International Student Advisory Council (ISAC)
What is ISAC?
- Enhance the international student experience at St. Francis College
- Provide feedback and suggestions in order to provide effective programs and services
- Develop relationships with other SFC departments and student organizations
- Serve as an advocate for international students at St. Francis College
ISAC is an initiative to the response to the needs that go unaddressed as the result of a growing international student population.
Who is ISAC?
ISAC is made up of a group of international students from a wide range of disciplines across the St. Francis Community. ISAC actively collaborates with International Student Programs and Services, Student Activities, Residence Life and Housing, Multicultural Affairs, and multiple academic and administrative departments.
Council service time
Council members will be expected to serve at least one academic year with a possibility of returning for additional years. Elections are held every spring semester through a nomination process.
- Meet twice per full month during each semester (approximately six 6 times per semester) for one hour
- Attend fall and spring international student orientations
- Undertake special projects throughout the year
Study in the States
Study in the States is a free government resource website that explains the rules and regulations governing the international student process in the United States.
Through their easy-to-use site, students can:
- Search for approved schools
- Access a glossary of terms
- Use the resource library
- Visit frequently asked questions
- Watch tutorials
Commonly Used Terms
United States Department of Homeland Security (DHS)
The department that oversees the safety of the United States from all threats, foreign or domestic. This department is the overarching area in which all other immigration departments are under.
United States Citizenship and Immigration Services (USCIS)
The agency that handles all immigration related matters. When you apply for OPT or STEM Extension, you are doing so through USCIS.
United States Customs and Border Protection (CBP)
CBP protects America’s borders and regulates what goods enter the country. Each time you arrive at a border (land, air, or sea), you will meet with a CBP officer. They will determine your eligibility to enter the United States. These meetings are usually 1-2 minutes but may be longer if additional information is needed from you. It is important to always have the necessary documents (passport, I-20, visa, etc.) in hand before speaking with a CBP officer.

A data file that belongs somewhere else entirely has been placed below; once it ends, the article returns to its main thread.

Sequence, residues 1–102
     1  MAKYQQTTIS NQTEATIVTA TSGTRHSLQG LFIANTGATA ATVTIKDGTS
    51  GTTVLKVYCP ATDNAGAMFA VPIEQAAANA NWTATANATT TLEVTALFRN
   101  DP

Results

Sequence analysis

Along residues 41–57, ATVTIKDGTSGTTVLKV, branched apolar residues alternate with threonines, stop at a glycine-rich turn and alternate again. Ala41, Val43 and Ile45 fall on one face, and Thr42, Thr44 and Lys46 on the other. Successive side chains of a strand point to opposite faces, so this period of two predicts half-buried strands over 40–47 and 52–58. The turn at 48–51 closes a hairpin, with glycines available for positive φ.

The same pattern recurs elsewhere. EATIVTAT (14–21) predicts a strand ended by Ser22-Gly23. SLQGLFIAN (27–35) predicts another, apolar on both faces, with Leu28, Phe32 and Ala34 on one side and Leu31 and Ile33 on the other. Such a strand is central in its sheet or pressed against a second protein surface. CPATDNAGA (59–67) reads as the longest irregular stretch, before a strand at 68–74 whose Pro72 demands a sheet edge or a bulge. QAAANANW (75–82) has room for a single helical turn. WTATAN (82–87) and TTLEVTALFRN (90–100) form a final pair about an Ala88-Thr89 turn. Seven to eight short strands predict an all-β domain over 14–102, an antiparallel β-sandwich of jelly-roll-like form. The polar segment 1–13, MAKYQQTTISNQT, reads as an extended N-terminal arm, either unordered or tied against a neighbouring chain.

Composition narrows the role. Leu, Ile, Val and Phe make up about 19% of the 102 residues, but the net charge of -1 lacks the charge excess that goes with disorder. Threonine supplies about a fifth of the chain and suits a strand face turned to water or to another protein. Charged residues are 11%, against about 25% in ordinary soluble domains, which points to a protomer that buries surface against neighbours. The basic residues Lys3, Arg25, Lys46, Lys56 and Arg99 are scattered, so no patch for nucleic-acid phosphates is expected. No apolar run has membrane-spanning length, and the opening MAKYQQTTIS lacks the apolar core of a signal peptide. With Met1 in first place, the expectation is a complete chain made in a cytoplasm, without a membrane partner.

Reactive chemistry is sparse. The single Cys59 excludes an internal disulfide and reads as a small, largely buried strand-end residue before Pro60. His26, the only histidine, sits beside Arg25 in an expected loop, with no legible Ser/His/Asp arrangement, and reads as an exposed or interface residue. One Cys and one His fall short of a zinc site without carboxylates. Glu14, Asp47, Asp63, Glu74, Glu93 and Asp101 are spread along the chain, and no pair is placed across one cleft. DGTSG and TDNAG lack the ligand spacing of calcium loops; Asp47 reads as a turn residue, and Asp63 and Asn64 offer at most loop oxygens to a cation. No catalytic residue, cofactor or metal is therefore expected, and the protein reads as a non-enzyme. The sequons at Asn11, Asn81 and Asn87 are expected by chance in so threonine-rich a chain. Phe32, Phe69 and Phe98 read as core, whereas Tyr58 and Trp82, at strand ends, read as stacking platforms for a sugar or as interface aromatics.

United States Immigration and Customs Enforcement (ICE)
ICE's primary mission is to promote homeland security and public safety through the criminal and civil enforcement of federal laws governing border control, customs, trade and immigration.
Transportation Security Administration (TSA)
TSA’s mission is to protect the nation's transportation systems to ensure freedom of movement for people and commerce. You will see TSA agents when you go through security to board planes in the U.S.
Student and Exchange Visitor Program (SEVP)
SEVP monitors F and M students and their dependents while in the United States to ensure that rules and regulations are followed by international students. The program also certifies schools to allow them to enroll F or M students. International students studying in the United States can only attend an SEVP-certified school. To be certified, schools must prove that they are operational, meaning that they possess the necessary facilities and instructors, and engage in course instruction prior to requesting SEVP certification. SEVP also monitors the SEVIS database.
Student and Exchange Visitor Information System (SEVIS)
The database Designated School Officials (DSO) use to enter your biographical, academic, and financial information needed for your Form I-20. All information transmitted through this application becomes the property of DHS and the United States Department of State.
Form I-20, Certificate of Eligibility for Nonimmigrant Student Status (I-20)
All “F” students that study in the United States require a Form I-20. The I-20 proves that you are legally enrolled in a program of study in the United States.
F-1 student visa (F-1)
The type of visa issued to students who have been admitted to SEVP-certified schools.
F-2 visa (F-2)
The type of visa issued to dependants (spouse or children) of the F-1 student visa holder. Each F-2 will receive their own I-20 and have to apply for an F-2 visa in the same way the F-1 would have to.
Form I-94 (I-94)
Upon your admission to the United States at a port of entry, you will be issued a Form I‑94. International students who enter the country at an air or sea port of entry are issued an electronic form. It shows the terms of your admission, including your legal status, length of time you may stay and expected departure date.
Curricular Practical Training (CPT)
Training (employment) that is directly related to your program of study (internship, student teaching, etc.).
Optional Practical Training (OPT)
Training that is directly related to your program of study. If you want to work after your program completes, you would apply for OPT through USCIS.
The H-1B status is a temporary employment authorization for a nonimmigrant who performs services in a specialty occupation.
The visa type that allows exchange visitors to enter the U.S. This is for individuals approved to participate in a work-and-study based exchange visitor program. This visa type is common for short-term study abroad students and visiting faculty.
The J-2 visa is a dependant (spouse or children) of the J-1 exchange visitor. J-2 visa holders hold certain benefits such as working and studying while in the U.S.